This Year's We Love Green Festival In Paris Balanced Sustainability With A Well-Curated Line-Up

We're not going to charmlessly lecture you about how sustainability's a good thing, but we will go on about it a little.

King Krule (credit: Julien Mignot)

Photography: Julien Mignot

King Krule (credit: Julien Mignot)

What's to say about Paris' We Love Green Festival? On the face of it, We Love Green (which took place across June 2 and 3 this year) seems somewhat similar to any number of festivals across the globe — eclectic but widely appealing line-up that touches on just about every genre, prime summer scheduling, etc. — but the festival in a park in Bois De Vincennes has another edge to it: sustainability. We're not going to charmlessly lecture you about how that's a good thing, but we will go on about it a little.

It's becoming increasingly popular of late for festivals to try and reduce their carbon footprint, to inspire recycling and a culture of sustainability; but We Love Green pushed that concept right to the fore of their ethos. It seemed to touch every facet of the festival, too. No glasses or cans could be seen anywhere; litter was kept as close to zero as possible with the use of plastic cups that could be redeemed for cash; bins and recycling points were never far away; and, finally, the festival was attended by experts and campaigners to discuss new ideas and tactics for battling climate change. On top of all that, The Residence Workshop (a platform for aspiring designers and design students) financed work by them and helped them source recycled materials for projects to be appear at the festival.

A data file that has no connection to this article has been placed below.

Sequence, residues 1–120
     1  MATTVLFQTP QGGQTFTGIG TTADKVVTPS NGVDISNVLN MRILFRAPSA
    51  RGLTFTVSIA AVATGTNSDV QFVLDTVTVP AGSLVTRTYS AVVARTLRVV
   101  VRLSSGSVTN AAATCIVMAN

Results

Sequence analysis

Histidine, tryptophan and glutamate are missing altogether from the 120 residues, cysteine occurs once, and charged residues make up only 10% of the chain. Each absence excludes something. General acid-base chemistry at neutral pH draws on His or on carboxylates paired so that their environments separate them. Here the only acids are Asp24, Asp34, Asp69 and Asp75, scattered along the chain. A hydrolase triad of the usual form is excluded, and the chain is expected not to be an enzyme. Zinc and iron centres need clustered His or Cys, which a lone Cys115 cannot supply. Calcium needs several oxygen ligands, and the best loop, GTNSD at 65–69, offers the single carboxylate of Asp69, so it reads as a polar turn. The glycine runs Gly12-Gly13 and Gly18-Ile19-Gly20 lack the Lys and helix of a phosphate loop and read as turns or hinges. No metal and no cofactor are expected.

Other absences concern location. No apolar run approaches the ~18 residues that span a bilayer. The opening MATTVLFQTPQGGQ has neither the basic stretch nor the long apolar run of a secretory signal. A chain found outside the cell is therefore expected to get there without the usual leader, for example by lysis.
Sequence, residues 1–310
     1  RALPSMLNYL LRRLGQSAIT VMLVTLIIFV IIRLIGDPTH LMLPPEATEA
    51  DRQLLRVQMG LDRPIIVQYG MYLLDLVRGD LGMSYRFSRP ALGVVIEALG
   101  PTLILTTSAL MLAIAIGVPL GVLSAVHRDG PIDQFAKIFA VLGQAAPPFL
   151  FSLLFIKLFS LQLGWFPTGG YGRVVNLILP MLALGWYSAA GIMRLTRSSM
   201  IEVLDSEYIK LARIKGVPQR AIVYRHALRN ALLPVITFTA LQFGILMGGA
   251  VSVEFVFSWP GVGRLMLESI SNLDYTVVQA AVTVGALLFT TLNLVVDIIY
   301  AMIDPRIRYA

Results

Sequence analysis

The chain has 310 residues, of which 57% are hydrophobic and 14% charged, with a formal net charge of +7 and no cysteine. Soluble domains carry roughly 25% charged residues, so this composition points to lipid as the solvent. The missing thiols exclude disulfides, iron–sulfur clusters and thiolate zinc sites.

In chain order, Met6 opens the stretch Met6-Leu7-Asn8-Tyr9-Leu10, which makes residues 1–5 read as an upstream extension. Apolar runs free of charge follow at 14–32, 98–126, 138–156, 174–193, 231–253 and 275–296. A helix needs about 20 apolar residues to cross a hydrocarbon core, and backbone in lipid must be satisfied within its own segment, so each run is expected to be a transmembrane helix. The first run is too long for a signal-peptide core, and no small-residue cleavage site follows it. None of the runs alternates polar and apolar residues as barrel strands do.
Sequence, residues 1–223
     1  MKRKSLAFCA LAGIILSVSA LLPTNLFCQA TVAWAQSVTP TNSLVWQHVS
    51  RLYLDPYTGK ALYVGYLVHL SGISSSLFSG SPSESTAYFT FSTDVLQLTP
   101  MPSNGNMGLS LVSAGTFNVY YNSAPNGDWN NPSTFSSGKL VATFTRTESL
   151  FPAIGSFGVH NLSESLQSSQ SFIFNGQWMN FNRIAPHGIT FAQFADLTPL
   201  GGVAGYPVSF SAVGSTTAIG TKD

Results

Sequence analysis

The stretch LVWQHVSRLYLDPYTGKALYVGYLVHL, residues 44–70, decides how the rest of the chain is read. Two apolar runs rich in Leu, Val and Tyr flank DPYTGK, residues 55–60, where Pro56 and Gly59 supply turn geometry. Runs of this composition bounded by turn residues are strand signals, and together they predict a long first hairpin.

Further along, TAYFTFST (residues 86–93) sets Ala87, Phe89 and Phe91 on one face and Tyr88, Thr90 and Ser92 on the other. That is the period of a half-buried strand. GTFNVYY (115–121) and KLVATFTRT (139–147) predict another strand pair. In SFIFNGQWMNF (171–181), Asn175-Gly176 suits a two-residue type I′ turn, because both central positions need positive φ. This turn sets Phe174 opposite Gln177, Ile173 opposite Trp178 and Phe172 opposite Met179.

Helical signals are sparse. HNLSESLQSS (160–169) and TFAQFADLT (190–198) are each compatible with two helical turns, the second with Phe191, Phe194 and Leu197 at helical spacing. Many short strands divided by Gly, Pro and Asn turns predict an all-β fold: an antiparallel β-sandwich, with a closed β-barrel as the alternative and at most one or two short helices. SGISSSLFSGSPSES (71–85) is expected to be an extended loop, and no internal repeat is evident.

Anyway, back to the music. The first night boasted as impressive a line-up as we'd ever seen: Jamie xx closed the festivities, while The Black Madonna, Jorja Smith and Sampha all proved formidable acts for Sunday's performers to follow. As The Black Madonna's set marched towards the end, there was a widely-held feeling that just one hour was nowhere near enough. The most talked about set from the day, however, was Migos. Even die-hard Migos detractors had to concede that it was one of the best, most light-a-fire-in-your-belly sets of the weekend.

The following day, as the sun beat down with even harder than the day before and the crowds swelled once again, the mix of local and underground daytime acts kicked things off for us. Then, as the sun began to dip, Beck took us on a trip down his hit-filled memory lane; Bjork brought her full flute-playing contingent out for a voyage through "futuristic folk" and head-spinning experimentalism; The Internet wowed us with their tightly-knit, smooth, R&B funk; Tyler, The Creator powered through an equally hit-filled, high energy set; King Krule stunned us all with his deep, chest rattling delivery; and IAMDDB won over a whole new legion of fans, to the surprise of no one familiar with her already.

All in all, while you might see a lot of the artists on the line-up at other festivals this year (with the possible exception of some of the local acts), you'll be hard-pressed to find one as conscientious as We Love Green Festival. An expertly curated line-up coupled with a supremely progressive attitude to the environment have made this an essential addition to our festival diary and, we suggest, your number one priority for next year's season.

IAMDDB (credit: Ava du Parc)
Migos (credit: Julien Mignot)
WLG (credit: Maxime Chermat)
Jamie xx (credit: Maxime Chermat)
WLG (credit: Maxime Chermat)
Syd / The Internet (credit: Julien Mignot)
Tyler, The Creator (credit: Karl Hab)
WLG (credit: Maxime Chermat)

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